The story behind this letter sent by Zygmunt Pociecha from Auschwitz to his mother


Jordan Palmer, Chief Digital Content Officer

Artifacts are tangible pieces of history that can tell a unique, often personal, story.  Nearly all of the artifacts at the St. Louis Kaplan Feldman Holocaust Museum have been donated by survivors, their descendants, veterans and others since the museum opened in 1995, creating a rich repository of memories connected to the Holocaust and World War II years.

Some of these items are part of the museum’s permanent exhibit while others have been the focus of temporary displays, as well as historical research and publications.

Each artifact in the collection has a story to tell.

The Zygmunt Pociecha letter & envelope

This letter sent from Auschwitz by Zygmunt Pociecha to his mother, Luise, serves as a reminder of the humanity that the Nazis attempted to destroy during the Holocaust. It also reminds us to honor the memories of all Holocaust victims such as Pociecha and his mother.


On the envelope, addressed to Frau Luise Pociecha, notice the note on the left side. It was included on envelopes provided to prisoners, outlining regulations from the commander of the camp.


Concentration Camp Auschwitz

The following regulations are to be observed in the correspondence with prisoners. 
1. Every prisoner may receive two letters or two cards per month from his relatives and send two to them as well. The letters to the prisoners must be written very legibly and in ink and may contain only fifteen lines on a page. Only one normal-sized sheet is permitted. Envelopes may not be [security] lined. A letter may contain only five stamps at 12 pf. Everything else is forbidden and will be seized. Postcards have ten lines. Pictures may not be used as postcards.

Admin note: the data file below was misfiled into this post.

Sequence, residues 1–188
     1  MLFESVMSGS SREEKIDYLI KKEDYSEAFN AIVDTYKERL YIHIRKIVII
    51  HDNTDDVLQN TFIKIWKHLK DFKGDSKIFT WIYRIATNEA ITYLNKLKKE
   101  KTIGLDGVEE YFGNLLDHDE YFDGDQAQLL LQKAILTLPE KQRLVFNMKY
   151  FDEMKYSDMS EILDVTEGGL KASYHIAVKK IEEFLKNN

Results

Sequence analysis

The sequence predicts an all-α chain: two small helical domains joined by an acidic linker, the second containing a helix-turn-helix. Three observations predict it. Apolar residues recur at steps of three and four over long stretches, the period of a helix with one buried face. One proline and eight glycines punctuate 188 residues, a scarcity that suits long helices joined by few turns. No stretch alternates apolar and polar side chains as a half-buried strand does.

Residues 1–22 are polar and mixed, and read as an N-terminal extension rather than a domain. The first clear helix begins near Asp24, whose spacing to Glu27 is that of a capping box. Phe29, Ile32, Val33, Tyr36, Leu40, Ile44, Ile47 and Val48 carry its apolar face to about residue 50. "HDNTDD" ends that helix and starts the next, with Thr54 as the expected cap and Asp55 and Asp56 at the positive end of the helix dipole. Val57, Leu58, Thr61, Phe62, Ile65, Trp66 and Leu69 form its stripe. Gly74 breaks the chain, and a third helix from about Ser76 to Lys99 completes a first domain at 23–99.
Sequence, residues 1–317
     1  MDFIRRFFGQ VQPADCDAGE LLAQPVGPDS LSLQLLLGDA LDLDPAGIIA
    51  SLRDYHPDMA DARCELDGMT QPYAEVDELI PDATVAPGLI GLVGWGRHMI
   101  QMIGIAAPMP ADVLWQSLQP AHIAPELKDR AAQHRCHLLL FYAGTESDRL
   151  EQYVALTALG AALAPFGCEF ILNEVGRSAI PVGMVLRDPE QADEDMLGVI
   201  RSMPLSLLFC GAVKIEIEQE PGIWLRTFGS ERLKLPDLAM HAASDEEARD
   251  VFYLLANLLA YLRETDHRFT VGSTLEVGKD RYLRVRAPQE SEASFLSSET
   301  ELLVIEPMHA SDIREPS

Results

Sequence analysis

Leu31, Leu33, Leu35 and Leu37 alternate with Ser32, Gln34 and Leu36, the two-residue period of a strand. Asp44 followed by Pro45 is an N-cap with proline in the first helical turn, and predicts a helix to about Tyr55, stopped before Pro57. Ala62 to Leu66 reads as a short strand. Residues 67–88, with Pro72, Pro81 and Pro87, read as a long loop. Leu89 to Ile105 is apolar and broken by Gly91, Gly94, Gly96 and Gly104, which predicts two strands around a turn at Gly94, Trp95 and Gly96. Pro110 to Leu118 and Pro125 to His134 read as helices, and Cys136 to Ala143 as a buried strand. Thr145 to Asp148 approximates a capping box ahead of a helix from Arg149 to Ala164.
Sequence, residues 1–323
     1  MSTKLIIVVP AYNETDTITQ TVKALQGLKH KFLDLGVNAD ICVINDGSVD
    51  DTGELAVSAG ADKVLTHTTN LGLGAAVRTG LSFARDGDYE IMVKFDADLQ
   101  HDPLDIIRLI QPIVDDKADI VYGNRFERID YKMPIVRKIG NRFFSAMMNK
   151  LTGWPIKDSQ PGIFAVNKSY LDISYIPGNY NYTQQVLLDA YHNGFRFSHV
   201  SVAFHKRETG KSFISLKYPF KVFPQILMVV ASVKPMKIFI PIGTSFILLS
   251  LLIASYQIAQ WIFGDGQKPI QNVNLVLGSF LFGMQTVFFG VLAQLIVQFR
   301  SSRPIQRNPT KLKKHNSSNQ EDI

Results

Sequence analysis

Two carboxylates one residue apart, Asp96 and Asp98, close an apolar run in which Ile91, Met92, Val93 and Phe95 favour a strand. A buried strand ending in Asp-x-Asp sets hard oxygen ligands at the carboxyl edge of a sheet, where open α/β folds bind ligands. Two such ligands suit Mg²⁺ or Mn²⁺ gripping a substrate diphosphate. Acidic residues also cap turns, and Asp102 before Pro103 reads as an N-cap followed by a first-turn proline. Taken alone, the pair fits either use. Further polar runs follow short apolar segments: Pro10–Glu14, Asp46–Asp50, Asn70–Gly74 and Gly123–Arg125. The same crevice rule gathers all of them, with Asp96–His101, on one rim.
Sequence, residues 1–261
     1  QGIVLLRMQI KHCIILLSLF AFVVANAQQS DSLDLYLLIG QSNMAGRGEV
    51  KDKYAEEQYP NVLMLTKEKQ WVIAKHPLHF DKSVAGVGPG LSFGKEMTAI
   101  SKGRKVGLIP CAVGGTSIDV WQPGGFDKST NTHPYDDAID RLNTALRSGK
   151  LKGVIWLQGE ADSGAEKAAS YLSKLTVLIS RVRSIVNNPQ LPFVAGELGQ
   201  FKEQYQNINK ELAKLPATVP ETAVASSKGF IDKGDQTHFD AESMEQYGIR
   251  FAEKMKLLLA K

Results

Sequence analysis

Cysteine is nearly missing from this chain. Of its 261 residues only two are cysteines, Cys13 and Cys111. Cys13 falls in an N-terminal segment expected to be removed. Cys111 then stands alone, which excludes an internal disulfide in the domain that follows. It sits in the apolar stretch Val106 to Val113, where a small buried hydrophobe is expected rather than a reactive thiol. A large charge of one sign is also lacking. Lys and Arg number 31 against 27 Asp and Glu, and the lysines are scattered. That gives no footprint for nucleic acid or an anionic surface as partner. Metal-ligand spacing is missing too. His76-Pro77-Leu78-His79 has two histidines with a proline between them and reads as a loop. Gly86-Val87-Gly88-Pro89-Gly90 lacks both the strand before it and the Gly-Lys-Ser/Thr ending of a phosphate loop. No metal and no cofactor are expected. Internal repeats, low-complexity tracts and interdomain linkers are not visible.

2. Money remittances are permitted. 
3. Note that for money remittances and mailings that the exact address including name, date of birth, and prisoner number should be written on the mailings. Also, all letters must display the exact and correct sender. When the address is not correct, the letter will either be sent back to the sender or destroyed. 
4. Newspapers are permitted but may be delivered only through the postal office of the concentration camp Dachau 3K. 
5. Packages are not allowed to be sent, as the prisoners can purchase everything in the camp. 
6. Requests for the release from prison that are directed to the camp administration are useless. 
7. Permission to talk with the prisoners in the concentration camp are fundamentally not permitted. 
The Camp Commander 

Zygmunt’s letter


Dear Mama:

Today your very short letter arrived. Why? Why do you write so little? I am happy that you, dear mama, are healthy and, thanks heavens, are in good condition. We have good weather. Dear mama, please write more and often. Is there any news with you? I wonder if all of them at home are in good health. How is Franz? And how is Alex? Dear mama, do not aid the uncle from the Zunek, because he takes advantage of you. Be sure not to give it to the Zunek. Today I had a beautiful dream that you and I were home together. When, dear mother, shall I see you again? Dear mama, write soon again. Many greetings and kisses for the whole family and for you, dear mama.

Your Son Zygmunt

This artifact is one of the many recently donated to the Museum to preserve the memory of individuals and families. If you have an artifact that you would like to donate, please contact Diane Everman at [email protected]. 

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